226: Ethical veganism a protected philosophical belief
In Casamitjana Costa v The League Against Cruel Sports, an Employment Tribunal has ruled that ethical veganism is a philosophical belief which qualifies for protection under the Equality Act 2010.
The claimant is a qualified zoologist and has worked in animal protection for most of his working life. He became an ethical vegan in 2000 and since then has not eaten animal products or worn clothes containing animal products. The claimant follows the principles of Ahimsa, one of the main premises of the ancient Indian religion of Jainism, which advocates not hurting any living being and therefore opposes any form of animal exploitation. For example, the claimant walks rather than use public transport to avoid accidental crashes with insects or birds, avoids bank notes manufactured using animal products and tries to avoid sitting on leather seats.
The claimant worked as Head of Policy and Research at The League Against Cruel Sports. He became aware that his employer’s pension funds were invested in companies that did not adhere to the principles of ethical veganism and shared his findings with his colleagues. He was summarily dismissed for repeatedly failing to follow a management instruction not to provide financial advice to his colleagues. The claimant then brought various complaints, including claims of discrimination, harassment and victimisation on grounds of his belief in ethical veganism. Unusually, the employer conceded that ethical veganism is a protected belief. However, a preliminary hearing was nevertheless held to review the evidence on this issue.
Applying the test established in the case of Grainger plc v Nicholson, the Employment Tribunal held that the claimant’s belief in ethical veganism is genuinely and sincerely held and more than an opinion or viewpoint. Since his belief concerns the relationship between humans and other animals, it relates to a weighty and substantial aspect of human life and behaviour. Ethical veganism is also a belief which has a high degree of cogency, cohesion and importance. Particularly given modern day thinking, it is clear that ethical veganism does not offend society or conflict with the fundamental rights of others and is worthy of respect in a democratic society. The Tribunal therefore concluded that there was overwhelming evidence that ethical veganism is a philosophical belief and therefore a protected characteristic under the Equality Act 2010. The case will now proceed to a full merits hearing.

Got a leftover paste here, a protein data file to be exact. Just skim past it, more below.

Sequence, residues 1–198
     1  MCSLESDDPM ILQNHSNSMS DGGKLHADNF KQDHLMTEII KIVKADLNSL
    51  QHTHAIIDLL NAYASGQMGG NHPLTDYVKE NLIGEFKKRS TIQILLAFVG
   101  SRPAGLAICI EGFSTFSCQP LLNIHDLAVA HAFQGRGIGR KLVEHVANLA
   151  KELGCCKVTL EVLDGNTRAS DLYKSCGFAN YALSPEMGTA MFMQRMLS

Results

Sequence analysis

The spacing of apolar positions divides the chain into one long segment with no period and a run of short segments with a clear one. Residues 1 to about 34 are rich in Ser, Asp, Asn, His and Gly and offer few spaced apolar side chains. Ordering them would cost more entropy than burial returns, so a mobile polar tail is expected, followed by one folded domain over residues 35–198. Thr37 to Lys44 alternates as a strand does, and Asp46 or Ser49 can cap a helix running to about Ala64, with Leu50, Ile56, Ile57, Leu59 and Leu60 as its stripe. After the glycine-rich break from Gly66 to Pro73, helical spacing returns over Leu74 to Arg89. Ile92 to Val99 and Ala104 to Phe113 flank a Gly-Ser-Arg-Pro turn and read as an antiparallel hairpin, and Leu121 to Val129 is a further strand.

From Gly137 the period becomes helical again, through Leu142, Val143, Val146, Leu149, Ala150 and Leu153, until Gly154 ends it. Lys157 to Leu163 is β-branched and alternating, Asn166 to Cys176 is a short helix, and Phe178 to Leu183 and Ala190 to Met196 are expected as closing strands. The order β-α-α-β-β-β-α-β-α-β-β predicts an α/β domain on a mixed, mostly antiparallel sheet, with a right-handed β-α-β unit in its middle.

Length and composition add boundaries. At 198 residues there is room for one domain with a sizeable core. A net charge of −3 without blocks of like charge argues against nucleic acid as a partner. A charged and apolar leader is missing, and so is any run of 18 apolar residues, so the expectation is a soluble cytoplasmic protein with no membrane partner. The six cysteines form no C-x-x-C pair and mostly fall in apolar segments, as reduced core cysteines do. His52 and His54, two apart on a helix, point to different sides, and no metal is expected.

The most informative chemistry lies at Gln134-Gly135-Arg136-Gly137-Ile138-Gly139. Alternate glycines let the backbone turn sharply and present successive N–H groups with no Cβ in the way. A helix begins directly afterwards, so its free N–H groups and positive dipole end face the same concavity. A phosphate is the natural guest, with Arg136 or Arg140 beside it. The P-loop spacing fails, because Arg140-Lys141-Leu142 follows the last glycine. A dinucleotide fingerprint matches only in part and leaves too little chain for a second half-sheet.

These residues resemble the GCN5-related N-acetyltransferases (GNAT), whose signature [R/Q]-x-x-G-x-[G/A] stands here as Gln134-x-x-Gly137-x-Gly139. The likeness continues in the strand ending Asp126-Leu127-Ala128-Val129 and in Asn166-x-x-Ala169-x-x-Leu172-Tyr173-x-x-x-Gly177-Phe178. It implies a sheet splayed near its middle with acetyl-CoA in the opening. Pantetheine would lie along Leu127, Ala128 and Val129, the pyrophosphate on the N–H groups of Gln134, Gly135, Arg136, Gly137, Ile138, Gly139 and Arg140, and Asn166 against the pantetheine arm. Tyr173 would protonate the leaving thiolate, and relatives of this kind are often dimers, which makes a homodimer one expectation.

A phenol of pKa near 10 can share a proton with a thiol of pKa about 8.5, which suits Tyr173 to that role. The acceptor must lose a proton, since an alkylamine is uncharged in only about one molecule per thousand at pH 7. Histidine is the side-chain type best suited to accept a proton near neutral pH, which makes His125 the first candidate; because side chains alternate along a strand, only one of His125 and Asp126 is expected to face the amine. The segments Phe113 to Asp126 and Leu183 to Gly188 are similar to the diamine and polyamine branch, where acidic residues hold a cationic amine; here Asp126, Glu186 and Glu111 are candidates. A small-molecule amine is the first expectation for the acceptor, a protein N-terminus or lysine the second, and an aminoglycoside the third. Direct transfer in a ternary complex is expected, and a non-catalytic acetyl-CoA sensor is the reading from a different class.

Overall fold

This case illustrates that protection under the Equality Act 2010 extends well beyond religious beliefs. It is clear that a Tribunal may view ethical veganism differently to veganism where only animal foods are avoided, although the test for whether a belief qualifies for protection under the Equality Act is not a high hurdle for claimants. As the Tribunal noted here, it was clear that the claimant dedicates his life to his belief in ethical veganism through what he eats, where he works, what he wears, the products he uses, where he shops and with whom he associates. This is therefore not a surprising decision. It is also worth noting that the question of whether the claimant’s beliefs were relevant to his dismissal remains to be decided.